Our sales line is open Saturdays 12pm-5pm Eastern. Give us a call at 888.653.1184.

How To

  • The Basics Of Recording Vocal Tracks

    Tracking vocals is hands-down the hardest part of the recording process, and not just because all vocalists are divas (kidding!). The voice is the only instrument you can’t tune. It’s also the most intimate instrument to perform in front of other people.

    The most important thing to remember when tracking vocals is that it’s all about the performance. You can fix a bad note in post, but there’s nothing you can do to turn a nervous performance into confident one. It’s ok if the singer is a little off-pitch, as long as they mean it. Continue reading

  • Recreating The Sounds Of Stranger Things With Pedals

    When Stranger Things debuted on Netflix in July 2016, the show's soundtrack single-handedly rekindled the public's love of spooky sounds created with vintage synthesizers. Scored by Kyle Dixon and Michael Stein of Austin-based band Survive, the duo predominantly used synths like the Arp Odyssey, Roland SH-101, Korg Mono/Poly to create the sounds of Hawkins and the Upside Down.

    Instead of recreating the Stranger Things score with similar synthesizers, I had the idea to build it from scratch using some of my favorite guitar pedals. By using only a Meris Ottobit Jr.Meris Mercury7 and Electro-Harmonix Synth 9, I was able to get something extremely close to the sounds of Dixon and Stein's original theme.   Continue reading

  • What Is Parallel Compression And How To Use It

    A few weeks on back on the blog, I wrote about compressors and the basics of using them in the studio. We’re taking it a step further today by talking about a more advanced function of the compressor called parallel compression and some scenarios where the technique is most commonly used.

    Parallel compression uses a send and return setup similar to how you would send signal to an effects processor. It is the combination of the dry signal mixed with a compressed version. In a parallel setup, you can use heavier compression to pull more depth out of the source signal. Since you still have the dry signal in the mix, you don’t hear as much direct compression. Continue reading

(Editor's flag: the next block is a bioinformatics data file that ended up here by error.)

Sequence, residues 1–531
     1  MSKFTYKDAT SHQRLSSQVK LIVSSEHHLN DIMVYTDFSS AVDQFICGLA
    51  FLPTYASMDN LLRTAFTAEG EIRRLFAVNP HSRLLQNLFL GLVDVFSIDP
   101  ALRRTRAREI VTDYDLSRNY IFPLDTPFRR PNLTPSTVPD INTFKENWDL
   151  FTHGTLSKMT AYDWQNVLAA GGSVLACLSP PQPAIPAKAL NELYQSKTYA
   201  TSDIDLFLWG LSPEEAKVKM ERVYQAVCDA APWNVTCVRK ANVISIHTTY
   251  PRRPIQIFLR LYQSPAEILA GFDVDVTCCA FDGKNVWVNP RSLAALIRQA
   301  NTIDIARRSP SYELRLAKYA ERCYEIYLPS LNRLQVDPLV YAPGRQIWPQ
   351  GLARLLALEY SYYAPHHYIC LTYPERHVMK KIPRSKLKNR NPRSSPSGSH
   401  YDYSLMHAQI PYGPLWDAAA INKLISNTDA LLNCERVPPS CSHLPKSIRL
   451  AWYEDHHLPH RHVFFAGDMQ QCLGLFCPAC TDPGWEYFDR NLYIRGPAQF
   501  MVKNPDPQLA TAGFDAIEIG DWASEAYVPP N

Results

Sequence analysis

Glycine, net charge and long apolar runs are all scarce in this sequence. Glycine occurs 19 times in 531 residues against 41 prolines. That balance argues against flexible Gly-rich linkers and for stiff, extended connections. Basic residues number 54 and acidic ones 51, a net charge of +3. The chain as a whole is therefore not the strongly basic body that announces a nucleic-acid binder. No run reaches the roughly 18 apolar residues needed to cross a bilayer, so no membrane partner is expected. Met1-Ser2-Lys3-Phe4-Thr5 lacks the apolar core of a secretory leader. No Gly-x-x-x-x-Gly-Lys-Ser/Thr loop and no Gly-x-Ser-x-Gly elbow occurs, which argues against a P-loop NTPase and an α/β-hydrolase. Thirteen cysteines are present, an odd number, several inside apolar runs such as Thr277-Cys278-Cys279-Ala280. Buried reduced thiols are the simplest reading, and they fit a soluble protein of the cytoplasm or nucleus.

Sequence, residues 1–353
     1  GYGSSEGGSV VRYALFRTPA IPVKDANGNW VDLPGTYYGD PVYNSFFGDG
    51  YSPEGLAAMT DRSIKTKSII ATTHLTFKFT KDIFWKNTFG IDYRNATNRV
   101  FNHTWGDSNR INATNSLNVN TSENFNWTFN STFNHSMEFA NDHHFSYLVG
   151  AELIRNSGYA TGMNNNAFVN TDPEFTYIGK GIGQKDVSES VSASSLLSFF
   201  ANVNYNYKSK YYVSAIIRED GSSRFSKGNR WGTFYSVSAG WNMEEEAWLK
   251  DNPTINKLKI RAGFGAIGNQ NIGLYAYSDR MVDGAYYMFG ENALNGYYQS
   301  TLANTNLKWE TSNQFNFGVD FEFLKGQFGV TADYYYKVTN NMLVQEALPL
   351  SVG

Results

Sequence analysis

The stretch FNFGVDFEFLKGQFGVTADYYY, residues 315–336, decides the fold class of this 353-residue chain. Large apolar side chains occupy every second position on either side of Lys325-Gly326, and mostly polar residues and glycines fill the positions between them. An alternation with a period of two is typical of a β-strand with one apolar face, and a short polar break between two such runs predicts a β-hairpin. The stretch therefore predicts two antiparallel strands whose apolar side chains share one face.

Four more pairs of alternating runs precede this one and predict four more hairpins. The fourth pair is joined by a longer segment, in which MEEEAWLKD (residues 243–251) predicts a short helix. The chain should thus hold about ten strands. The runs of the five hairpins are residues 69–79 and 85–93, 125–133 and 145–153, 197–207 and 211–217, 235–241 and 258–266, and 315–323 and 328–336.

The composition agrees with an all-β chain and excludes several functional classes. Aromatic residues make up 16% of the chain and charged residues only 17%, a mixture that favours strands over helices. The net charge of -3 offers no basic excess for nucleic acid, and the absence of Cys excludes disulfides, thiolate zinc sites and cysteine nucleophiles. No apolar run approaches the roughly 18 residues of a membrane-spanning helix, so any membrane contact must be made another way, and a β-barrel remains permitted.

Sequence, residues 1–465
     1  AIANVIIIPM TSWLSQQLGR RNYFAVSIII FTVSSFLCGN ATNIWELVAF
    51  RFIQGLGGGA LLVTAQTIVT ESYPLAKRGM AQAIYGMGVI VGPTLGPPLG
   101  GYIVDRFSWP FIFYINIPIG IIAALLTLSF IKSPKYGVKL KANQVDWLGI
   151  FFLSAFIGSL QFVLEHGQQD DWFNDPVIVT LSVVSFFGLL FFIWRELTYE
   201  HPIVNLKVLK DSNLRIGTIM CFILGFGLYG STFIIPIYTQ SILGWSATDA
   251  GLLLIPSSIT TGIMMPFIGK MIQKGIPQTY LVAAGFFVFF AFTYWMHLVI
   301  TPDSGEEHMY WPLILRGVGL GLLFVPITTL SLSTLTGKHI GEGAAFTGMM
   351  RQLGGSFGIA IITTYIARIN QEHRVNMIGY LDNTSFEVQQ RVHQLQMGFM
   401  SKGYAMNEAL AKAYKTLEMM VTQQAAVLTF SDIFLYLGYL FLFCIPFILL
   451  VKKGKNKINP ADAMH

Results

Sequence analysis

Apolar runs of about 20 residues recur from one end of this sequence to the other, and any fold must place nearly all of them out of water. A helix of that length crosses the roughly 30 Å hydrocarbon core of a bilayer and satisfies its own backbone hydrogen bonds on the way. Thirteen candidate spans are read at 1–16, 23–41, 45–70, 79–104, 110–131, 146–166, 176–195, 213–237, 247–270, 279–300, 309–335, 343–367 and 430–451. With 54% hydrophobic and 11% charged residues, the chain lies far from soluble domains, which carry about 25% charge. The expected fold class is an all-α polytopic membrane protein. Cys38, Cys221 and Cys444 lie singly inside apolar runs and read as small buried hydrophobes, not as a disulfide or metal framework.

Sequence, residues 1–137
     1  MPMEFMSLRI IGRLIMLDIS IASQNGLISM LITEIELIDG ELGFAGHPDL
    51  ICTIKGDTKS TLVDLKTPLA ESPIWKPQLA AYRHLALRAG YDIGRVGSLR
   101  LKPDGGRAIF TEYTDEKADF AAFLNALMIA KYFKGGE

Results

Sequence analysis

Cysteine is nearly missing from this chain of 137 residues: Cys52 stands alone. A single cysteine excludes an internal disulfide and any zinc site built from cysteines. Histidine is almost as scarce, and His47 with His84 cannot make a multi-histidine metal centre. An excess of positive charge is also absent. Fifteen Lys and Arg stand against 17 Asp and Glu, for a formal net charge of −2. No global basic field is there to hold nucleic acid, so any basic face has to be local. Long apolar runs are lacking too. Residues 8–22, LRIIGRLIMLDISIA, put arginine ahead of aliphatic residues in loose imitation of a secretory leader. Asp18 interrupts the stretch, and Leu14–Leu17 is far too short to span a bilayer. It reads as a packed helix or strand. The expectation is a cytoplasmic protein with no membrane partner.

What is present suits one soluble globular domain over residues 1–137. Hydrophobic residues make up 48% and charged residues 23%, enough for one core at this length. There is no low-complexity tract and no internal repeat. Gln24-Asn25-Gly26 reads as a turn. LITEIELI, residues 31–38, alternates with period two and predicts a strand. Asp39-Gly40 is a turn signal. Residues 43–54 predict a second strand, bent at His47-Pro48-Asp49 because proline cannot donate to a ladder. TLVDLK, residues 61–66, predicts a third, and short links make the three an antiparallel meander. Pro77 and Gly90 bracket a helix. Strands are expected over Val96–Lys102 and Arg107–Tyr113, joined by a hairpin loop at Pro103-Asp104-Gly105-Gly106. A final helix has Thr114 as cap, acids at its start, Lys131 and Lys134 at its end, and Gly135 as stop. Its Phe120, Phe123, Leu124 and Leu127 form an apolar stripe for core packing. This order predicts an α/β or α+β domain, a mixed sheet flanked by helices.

• Tips for In The Box Mixing

    The expansion of power in a DAW is drawing more and more engineers to mixing in the box. Software such as Pro Tools and Logic come stocked with all of the tools you need to do a professional sounding mix right out of the box, and also allow you to add the addition of your favorite third party plug-ins. In the blog, we'll discuss some tips and tricks for setting up your DAW to create a seamless in the box workflow. Continue reading

  • Using Universal Audio's Apollo Interface As A Pedal Platform

    Vintage King's Dustin McLaughlin is an avid guitarist who uses his Universal Audio Apollo interface as a pedal platform in his home studio. In our new video, learn how he combines his pedalboard with Universal Audio interfaces and plug-ins to create unique sounds. Continue reading

  • What Is a Patch Bay And Why Do You Need One?

    The patch bay is often a great mystery for engineers just starting off and to any musician who comes into a recording studio for the first time. With so many plugs and wires, it can be a little intimidating and you might ask yourself, "Where do all those patch points go?" Continue reading

  • Vintage King's Guide To Compressors And Using Them In The Studio

    A compressor is one of the most useful tools an engineer can have on hand during a session. They have been the glue that holds recordings together since their creation and engineers still heavily rely on them for vocals, voiceover, guitars, bass, drums, the mix bus and more. Continue reading

  • Utilizing The Trinnov ST2 Pro In A Project Studio

    Over the last couple of months, I’ve had the chance to sit in on two Trinnov ST2 Pro installations and detailed listening sessions. When you’re working in a room that isn’t treated properly, most of the time you don’t even notice the problems, you just get used to them and work with what you have. This is where the old car test and listening on multiple sets of speakers in different listening environments came into play. Most of the time when the song leaves your mixing room for the first time, you often say, “Wow, there is way too much bass” or “Where did all the bass go?” Continue reading

8 Item(s)